Bring a copy of your marriage certificate and the birth certificates of all family members. Bring everyone’s medical records and have medical insurance for everyone. Inoculation records are often required for school enrollment. Inquire about schools for your children before arrival, beginning with the websites of the network of private American schools in Tangier, Rabat, Casablanca, and Marrakech (these are the schools that are all named in the same fashion, as in “Tangier American School”) as well as the other English-language schools available here and there – most notably Casablanca (the George Washington Academy and others) and Fès. Keep in mind that fees for private schools are very high and that school fees are the grantee’s responsibility. At the Rabat American School, tuition and fees are more than $20,000 for the school year. There are many private French schools and French & Arabic-language schools. Otherwise, the Moroccan public schools are free, with French introduced in the third grade and English in middle school. Getting a grantee’s child into the public school would be a project undertaken by the Commission with ample time available before August for the beginning of the school year (early September).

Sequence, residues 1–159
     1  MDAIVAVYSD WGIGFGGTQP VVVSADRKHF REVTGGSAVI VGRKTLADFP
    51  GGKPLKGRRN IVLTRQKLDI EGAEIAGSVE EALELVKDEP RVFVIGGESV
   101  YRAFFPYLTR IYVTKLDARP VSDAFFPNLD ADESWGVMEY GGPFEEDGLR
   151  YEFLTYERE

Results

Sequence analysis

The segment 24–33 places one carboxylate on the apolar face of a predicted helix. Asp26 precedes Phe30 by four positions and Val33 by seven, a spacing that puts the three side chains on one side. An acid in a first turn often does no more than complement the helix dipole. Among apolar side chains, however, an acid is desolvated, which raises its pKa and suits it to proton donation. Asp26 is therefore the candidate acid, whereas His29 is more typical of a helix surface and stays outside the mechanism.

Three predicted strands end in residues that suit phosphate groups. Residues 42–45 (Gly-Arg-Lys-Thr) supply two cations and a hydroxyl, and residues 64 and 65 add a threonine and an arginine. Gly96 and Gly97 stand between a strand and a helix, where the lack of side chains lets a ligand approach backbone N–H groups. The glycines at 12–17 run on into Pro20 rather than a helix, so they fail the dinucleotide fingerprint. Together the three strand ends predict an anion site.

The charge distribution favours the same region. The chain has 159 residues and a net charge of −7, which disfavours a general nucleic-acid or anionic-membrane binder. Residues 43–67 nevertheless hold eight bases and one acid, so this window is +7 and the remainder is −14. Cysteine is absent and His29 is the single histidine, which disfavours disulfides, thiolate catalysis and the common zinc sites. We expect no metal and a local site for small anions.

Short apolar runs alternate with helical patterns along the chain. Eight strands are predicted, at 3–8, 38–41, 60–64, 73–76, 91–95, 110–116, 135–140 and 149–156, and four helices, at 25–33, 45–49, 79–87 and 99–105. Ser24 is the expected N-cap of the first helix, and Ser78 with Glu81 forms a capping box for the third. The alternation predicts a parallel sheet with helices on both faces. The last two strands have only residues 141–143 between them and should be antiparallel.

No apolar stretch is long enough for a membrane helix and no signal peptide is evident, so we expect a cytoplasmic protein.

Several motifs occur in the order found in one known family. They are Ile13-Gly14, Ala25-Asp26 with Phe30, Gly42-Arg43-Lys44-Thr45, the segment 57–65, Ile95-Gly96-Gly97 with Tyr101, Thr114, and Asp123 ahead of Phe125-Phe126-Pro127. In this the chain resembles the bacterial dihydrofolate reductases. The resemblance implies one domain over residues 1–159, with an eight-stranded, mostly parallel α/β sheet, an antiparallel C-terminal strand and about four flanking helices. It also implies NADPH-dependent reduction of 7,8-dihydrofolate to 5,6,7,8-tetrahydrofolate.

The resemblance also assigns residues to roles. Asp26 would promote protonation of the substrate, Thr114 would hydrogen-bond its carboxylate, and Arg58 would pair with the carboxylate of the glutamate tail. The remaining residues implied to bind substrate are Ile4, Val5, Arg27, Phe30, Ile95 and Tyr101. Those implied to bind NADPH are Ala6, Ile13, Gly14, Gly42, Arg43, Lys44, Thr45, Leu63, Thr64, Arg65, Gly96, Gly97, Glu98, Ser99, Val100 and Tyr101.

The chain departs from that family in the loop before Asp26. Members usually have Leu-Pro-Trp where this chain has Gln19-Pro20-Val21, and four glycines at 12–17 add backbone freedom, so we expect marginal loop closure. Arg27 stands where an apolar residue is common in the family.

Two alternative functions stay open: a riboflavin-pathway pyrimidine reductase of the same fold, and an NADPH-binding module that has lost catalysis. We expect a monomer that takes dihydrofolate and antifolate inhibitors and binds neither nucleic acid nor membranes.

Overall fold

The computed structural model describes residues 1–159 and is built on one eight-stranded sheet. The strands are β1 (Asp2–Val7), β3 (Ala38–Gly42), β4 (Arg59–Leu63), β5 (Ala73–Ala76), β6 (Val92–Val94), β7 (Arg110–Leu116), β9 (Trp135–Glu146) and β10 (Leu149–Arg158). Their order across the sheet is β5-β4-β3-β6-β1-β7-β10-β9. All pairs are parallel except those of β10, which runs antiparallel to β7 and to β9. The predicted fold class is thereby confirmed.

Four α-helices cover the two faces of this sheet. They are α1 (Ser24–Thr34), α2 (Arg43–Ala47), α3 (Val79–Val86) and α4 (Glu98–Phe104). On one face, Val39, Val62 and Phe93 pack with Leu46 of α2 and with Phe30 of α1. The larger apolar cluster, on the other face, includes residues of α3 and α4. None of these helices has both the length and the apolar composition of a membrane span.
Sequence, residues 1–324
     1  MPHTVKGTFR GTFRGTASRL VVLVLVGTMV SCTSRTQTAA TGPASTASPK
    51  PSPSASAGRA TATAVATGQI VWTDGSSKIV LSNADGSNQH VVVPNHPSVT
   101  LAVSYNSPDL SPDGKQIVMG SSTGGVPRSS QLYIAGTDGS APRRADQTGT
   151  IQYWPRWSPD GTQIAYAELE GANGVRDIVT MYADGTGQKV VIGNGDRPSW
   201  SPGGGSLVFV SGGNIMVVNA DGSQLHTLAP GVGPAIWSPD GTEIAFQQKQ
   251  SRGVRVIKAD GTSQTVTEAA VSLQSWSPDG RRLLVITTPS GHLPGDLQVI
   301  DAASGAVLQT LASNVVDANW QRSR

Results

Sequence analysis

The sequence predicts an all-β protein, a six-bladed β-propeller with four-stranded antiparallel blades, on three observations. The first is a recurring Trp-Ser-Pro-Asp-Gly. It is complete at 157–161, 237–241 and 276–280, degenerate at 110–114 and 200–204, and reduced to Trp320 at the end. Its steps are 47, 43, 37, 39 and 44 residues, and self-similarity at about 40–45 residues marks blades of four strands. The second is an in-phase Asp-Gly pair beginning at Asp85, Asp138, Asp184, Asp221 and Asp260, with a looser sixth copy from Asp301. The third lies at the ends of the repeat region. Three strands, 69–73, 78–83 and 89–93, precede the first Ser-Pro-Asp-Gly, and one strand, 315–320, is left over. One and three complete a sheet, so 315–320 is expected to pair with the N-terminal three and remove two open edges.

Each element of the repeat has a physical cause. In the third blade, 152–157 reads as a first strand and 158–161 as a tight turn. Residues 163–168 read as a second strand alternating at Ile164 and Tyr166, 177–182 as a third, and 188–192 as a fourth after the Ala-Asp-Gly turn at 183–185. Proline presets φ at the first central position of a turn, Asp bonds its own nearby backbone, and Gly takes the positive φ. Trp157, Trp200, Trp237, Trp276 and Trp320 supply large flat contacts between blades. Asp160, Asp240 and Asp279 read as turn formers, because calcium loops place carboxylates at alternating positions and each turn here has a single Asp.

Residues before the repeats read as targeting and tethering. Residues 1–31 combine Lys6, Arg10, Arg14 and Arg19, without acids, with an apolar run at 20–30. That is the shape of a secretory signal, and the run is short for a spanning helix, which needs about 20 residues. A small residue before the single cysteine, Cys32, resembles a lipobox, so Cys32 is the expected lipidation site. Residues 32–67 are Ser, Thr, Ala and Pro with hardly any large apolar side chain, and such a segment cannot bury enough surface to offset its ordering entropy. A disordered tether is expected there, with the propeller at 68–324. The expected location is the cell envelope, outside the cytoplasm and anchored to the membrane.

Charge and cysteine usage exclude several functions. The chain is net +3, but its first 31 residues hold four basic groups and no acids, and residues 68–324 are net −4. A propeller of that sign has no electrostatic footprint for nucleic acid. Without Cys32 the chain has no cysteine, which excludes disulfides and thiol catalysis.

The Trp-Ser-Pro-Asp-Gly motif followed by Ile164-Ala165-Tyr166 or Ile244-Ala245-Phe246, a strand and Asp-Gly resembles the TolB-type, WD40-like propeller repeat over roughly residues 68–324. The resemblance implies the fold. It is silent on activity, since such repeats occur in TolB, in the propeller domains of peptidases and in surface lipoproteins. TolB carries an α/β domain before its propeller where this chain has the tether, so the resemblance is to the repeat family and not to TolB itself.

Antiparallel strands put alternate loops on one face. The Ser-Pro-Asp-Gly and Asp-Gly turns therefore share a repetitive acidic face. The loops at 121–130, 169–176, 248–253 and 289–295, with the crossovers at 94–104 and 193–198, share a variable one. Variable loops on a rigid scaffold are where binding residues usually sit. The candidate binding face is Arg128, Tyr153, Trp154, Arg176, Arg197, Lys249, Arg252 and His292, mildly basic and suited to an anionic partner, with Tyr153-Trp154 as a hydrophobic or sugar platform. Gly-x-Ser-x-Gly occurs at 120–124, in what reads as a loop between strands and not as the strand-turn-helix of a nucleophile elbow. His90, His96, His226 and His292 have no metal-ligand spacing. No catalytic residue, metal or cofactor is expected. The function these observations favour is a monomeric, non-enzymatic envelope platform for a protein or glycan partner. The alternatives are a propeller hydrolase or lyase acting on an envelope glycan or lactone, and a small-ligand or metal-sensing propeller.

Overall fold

It’s the same student grant application for either the research or ETA category, but you are identified, without prejudice, as an “at-large candidate.” The Fulbright Program is sponsored by the Bureau of Educational and Cultural Affairs of the Department of State in Washington. However, under an agreement with the Bureau, the Institute of International Education in New York administers the Fulbright Student Program. See on the present link of us.fullbrightonline.org
. Here, look for a panel called “Getting Started,” and find a pull-down for “at-large candidates.”